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How Blue used its microphone know-how to design headphones

Before then, the company had years of experience crafting professional-grade studio mics that became the go-to options for producers and engineers. In 2014, the company decided to tackle headphones with Mo-Fi -- a wired model with a unique hinged design and a built-in audiophile-grade amplifier. Blue's USB microphones have been a podcasting staple since the Snowball was introduced in the mid 2000s. It's a reputation that Blue maintains to this day.Then, at CES this week, Blue took the wraps off three new models: the planar magnetic Ella; Mo-Fi's successor, Sadie; and the wireless Satellite. Soon after, I sat down with CEO John Maier to find out how the company put its microphone expertise to use in a range of headphones.

Unless you have a recording habit, the name Blue may be somewhat unfamiliar to you. The company was founded in the mid-'90s as an outfit that refurbished pro-level studio mics. Around 2000, it decided it was time to make its own products, so it introduced the $1,000 Bottle microphone that's still around today. In the years that followed, Blue continually moved toward more accessible, consumer-friendly products. It started with a more affordable pro mic, the Blueberry, before using a similar setup to what's in the 8 Ball condenser unit for the extremely popular $50 Snowball USB model.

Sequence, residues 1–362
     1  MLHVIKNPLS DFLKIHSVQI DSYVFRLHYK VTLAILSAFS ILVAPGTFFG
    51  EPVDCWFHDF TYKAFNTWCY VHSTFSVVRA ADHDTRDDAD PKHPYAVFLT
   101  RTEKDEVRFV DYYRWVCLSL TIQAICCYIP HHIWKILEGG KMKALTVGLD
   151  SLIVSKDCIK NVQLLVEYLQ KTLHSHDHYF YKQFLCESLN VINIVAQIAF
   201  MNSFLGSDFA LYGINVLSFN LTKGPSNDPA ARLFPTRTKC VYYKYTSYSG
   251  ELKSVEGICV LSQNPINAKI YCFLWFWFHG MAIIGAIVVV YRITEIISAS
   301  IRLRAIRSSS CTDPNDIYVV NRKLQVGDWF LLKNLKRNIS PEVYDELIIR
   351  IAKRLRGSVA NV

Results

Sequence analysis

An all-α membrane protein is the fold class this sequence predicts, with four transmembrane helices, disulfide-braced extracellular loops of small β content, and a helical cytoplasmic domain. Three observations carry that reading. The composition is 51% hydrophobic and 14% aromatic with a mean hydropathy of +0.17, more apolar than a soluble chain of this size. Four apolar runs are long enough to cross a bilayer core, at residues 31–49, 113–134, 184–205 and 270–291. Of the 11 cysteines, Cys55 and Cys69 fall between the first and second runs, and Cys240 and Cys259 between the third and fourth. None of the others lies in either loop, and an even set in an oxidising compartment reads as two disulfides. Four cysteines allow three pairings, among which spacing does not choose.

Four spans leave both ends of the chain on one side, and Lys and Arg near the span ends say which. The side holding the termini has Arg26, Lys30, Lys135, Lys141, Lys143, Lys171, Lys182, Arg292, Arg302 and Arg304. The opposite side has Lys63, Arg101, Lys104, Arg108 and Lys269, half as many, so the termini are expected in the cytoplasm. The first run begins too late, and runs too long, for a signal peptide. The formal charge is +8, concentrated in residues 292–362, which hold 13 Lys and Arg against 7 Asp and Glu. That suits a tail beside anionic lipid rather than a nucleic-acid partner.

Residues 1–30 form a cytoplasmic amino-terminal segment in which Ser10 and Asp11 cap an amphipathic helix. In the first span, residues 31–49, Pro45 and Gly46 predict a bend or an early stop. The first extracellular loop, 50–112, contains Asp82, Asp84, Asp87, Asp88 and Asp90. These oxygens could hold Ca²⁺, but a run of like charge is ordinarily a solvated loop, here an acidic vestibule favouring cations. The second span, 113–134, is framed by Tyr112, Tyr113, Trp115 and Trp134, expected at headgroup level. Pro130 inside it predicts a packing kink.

How does a company that's focused on collecting sound decide to move into beaming it out to your ears? As Blue tells it, the transition was natural. "We definitely knew the world didn't need another headphone, especially after Beats had done an amazing job creating a whole new segment," Maier told Engadget. "Everyone else in the world tried to copy them and come into that market."


The company decided to stay on the bench for a while until it could develop something unique. "We knew that the technology is basically the same; it's just going in the opposite direction from an audio standpoint," Maier said. "We knew that we could offer some novel ideas, both in design and taking some of our pro audio know-how and bringing it to a larger audience." Maier said that as the quality of streaming music started to improve over what we all listened to in the age of the MP3, there was a need for new headphones that offered better sound to match.

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